• Kerr: The university is actually a multiversity whose parts follow specific styles:

British: undergraduate
German: graduate
Amerian: public service

4. Reconciling Objectives & Functions

Sykes said university teachers neglect students and use graduate students to oversee classroom duties so they can focus on their own research. And this research he calls “useless pablum…written in inscrutable jargon.” At first I thought this was why tenure-track positions have decreased over time, but Sykes attributes this problem to teachers being “forced” to publish, which is a direct requirement of tenure. If only a quarter of positions being offered now are tenure-track, is it safe to assume the quality of publications by academia would improve? Perhaps the two aren’t even linked.

Ashby said the university can be efficient at all the roles it defines for itself – teaching undergraduates liberal arts, graduate research and public service – so the question is not which roles the university should choose, it’s about competence and balance of all its roles. I would agree most with his assessment because all the roles are dependent on each other.

Brubacher and Rudy, “Professional education,” in Goodchild and Wechsler, The History of Higher Education, 379-393

1. Apprenticeship seems like the most natural, human way for teaching – it’s a classic parent-child relationship, and it is how I became a journalist, whereas I only studied to be a journalist as an undergraduate. Of course it had its problems – the professional was often too busy to provide enough time to apprentice.
2. Early Professional Schools and Upgrading Professional Education
This system competed with the apprenticeship model in the early days. Prestige was low because standards were low. The length of time required by the student was uneven and exams were not standardized. Aspiring doctors could take 7 exams all in one day and if they passed 5, they would get their license to practice. As a result, professional organizations implemented standards:1906 – Law schools required 3-year term minimum for students1915 – American Medical Association began rating medical schools, forcing 20 schools to close on the spot rather than having their bad conditions exposed to the public!Harvard was the first to risk higher tuition and higher standards for admission. Enrollment decreased at first but improved quality eventually increased enrollment again.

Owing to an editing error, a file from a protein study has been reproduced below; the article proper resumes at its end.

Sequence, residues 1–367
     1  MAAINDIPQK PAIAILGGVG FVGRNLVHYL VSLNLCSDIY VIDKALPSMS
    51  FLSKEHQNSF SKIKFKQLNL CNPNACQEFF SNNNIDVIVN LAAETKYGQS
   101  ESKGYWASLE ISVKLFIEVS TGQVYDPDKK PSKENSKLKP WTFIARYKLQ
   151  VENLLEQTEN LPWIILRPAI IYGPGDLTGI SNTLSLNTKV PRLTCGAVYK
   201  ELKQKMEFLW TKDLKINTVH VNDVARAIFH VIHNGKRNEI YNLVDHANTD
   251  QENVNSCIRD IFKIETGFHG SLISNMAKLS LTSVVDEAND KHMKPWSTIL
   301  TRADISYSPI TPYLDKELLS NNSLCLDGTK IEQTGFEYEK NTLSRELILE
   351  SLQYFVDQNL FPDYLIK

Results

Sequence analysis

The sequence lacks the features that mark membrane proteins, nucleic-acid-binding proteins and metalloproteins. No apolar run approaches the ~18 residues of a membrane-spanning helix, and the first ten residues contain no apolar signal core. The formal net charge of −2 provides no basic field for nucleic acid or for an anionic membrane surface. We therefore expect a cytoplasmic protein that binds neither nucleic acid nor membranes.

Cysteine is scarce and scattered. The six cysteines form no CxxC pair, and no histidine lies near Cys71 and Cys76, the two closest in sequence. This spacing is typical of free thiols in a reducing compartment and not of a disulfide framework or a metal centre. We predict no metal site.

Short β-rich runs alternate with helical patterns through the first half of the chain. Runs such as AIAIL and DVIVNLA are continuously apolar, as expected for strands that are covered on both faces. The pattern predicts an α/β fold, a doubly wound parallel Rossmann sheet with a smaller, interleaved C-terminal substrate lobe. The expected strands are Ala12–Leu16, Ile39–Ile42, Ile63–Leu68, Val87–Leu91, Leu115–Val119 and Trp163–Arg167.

3. The Higher Study of Higher EducationDean Max McConn of Lehigh was the idiot who said, “He who can, goes from college into life as a go-getter or reformer; he who can’t goes to graduate school to become a teacher.” This stupid quote is everywhere and has tainted Western perception of teaching, whereas many other cultures regard teachers as the highest members of society, as they are responsible for shaping the minds of the next generation.
4. Professional Education and the Higher LearningOverall, the university is a system of many moving parts which all are dependent on each other to function well.

Mary Godwyn, “Can the Liberal Arts and Entrepreneurship Work Together?” Academe jan-Feb, 2009, pp. 36-38

The first phrase that piqued my interest in this article was “entrepreneurs are not merely business owners.” I originally incorporated a business in 2005 so that a long-time client could continue paying me legally, and then the business became something that made me feel ownership of the work I created as a writer.

“In Marxist terms, entrepreneurship can be seen as the reverse of alienated labor, when workers do not own what they produce,” Godwyn writes.

Over seven years, my “business” never became a business as defined by investors and business schools. It just provided the infrastructure for my very random life as a freelance journalist, so I understand what Godwyn means by “academic entrepreneurship” and “cultural entrepreneurship,” two terms that would not make sense without having the experience of living it. Therefore, I would have liked the article to describe an example of combining entrepreneurship teaching with the liberal arts. Perhaps this is something I could teach. Now I have my idea for a syllabus.